Forgiveness, revenge, release
“I mourn the loss of thousands of precious lives, but I will not rejoice in the death of one, not even an enemy. Returning hate for hate multiplies hate, adding deeper darkness to a night already devoid of stars. Darkness cannot drive out darkness: only light can do that. Hate cannot drive out hate: only love can do that.” —MLK
These words, from Martin Luther King, Jr., have been traveling around the internet ever since the news of Bin Laden’s death came out on Sunday. It’s interesting, I think, that vengeance and redemption and forgiveness seem to be a part of the collective conversation at this moment.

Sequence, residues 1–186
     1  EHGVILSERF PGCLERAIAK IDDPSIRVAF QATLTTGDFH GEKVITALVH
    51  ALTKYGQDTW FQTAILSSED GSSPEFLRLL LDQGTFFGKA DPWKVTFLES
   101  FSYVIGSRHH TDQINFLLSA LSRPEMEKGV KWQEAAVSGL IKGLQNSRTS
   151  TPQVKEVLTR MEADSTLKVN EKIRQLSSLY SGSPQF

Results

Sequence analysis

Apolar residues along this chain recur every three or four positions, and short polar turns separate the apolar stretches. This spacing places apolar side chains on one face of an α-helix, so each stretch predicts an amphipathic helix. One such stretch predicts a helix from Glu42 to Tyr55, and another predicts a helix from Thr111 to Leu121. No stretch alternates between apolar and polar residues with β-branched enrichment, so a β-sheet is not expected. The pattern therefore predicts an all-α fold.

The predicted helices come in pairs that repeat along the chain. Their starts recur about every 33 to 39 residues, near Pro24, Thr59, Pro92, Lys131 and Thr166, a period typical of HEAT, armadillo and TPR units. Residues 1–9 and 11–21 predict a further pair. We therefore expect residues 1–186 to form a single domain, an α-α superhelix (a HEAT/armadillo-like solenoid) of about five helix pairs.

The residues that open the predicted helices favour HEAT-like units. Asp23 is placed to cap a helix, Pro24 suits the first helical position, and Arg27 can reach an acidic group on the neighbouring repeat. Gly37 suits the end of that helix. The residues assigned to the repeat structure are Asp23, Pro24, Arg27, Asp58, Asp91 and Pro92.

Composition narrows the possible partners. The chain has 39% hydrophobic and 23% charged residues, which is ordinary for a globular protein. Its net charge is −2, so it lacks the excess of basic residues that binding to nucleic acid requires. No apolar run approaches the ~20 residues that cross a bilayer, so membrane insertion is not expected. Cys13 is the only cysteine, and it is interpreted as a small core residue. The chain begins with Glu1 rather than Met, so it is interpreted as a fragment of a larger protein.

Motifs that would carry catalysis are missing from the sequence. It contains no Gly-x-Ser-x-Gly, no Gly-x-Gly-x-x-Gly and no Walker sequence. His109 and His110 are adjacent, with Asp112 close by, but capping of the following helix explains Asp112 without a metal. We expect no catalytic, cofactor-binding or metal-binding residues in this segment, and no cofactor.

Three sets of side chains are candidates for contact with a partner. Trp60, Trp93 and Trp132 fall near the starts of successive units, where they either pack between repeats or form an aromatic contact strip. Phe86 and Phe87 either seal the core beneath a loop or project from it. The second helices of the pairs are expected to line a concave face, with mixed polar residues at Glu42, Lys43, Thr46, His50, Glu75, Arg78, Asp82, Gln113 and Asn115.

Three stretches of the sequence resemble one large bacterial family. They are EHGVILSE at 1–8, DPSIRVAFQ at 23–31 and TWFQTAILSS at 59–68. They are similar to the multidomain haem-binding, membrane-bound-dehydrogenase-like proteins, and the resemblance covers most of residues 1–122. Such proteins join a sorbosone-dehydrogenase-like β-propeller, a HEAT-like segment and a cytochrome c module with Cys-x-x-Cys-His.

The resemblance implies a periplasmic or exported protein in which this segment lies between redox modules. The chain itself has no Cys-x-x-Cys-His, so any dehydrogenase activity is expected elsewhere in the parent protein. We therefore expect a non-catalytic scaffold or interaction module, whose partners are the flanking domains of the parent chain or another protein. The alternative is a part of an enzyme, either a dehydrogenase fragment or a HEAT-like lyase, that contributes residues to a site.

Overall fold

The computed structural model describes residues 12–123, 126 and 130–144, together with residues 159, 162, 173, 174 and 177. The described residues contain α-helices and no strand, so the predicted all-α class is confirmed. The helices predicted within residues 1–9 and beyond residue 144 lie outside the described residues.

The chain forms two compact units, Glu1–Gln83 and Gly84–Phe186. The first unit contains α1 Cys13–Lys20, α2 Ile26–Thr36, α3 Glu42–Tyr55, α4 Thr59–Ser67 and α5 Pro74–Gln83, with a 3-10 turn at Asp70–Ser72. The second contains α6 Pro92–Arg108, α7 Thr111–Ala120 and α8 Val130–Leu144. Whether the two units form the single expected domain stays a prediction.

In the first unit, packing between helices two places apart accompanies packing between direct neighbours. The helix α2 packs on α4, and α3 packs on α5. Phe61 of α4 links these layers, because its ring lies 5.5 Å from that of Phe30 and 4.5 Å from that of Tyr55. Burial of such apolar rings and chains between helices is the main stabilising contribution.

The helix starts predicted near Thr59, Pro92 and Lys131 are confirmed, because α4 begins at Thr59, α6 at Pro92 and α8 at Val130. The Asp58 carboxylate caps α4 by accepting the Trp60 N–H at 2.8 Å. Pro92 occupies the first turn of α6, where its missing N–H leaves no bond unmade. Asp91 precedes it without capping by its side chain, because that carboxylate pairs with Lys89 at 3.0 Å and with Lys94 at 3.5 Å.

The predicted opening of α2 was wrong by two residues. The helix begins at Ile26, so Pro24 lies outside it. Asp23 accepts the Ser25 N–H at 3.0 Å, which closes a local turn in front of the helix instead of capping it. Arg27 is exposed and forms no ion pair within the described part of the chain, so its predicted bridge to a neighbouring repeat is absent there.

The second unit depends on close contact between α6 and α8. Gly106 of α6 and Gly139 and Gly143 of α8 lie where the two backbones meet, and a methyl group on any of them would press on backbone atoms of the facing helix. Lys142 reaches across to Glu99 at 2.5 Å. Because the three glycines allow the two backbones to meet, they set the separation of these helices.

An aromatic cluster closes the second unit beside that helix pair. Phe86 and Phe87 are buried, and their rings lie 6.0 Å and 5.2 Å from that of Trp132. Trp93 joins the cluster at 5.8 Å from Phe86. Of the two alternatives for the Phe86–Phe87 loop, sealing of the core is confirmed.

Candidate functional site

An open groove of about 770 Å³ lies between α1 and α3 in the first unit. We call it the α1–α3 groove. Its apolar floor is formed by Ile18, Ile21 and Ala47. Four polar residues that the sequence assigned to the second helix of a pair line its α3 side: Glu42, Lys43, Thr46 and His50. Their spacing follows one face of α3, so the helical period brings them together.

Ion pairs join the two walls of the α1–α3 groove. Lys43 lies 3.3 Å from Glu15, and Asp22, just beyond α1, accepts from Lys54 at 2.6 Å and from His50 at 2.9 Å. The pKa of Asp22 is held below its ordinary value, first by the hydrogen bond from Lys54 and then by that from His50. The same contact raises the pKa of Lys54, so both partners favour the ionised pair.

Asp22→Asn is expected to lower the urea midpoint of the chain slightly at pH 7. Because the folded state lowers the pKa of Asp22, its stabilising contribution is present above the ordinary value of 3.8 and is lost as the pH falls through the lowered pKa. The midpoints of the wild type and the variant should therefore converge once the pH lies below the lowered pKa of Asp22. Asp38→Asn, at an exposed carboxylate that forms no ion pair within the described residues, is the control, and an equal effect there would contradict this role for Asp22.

I have been reflecting on what Laurie and I have often observed about human nature, which is that forgiveness is at the top of our brains. The flowering of human endeavor lies in our ability to forgive, to care for and nurture our fellow humans, our animal cousins, the very earth and water and air. It is also true that war, tribalism, retribution and violence are hard wired in the core of our brains – these are survival and crisis responses, and as such, we are relieved and in some ways satisfied when we hear that a Bin Laden is dead. And yet, every time someone rises above those impulses – as MLK did, as any number of spiritual leaders have done – it is a gift of grace. This is a good time to focus on grace, and to start to release the anger, fear and division that have driven us as a culture and a nation since 9/11.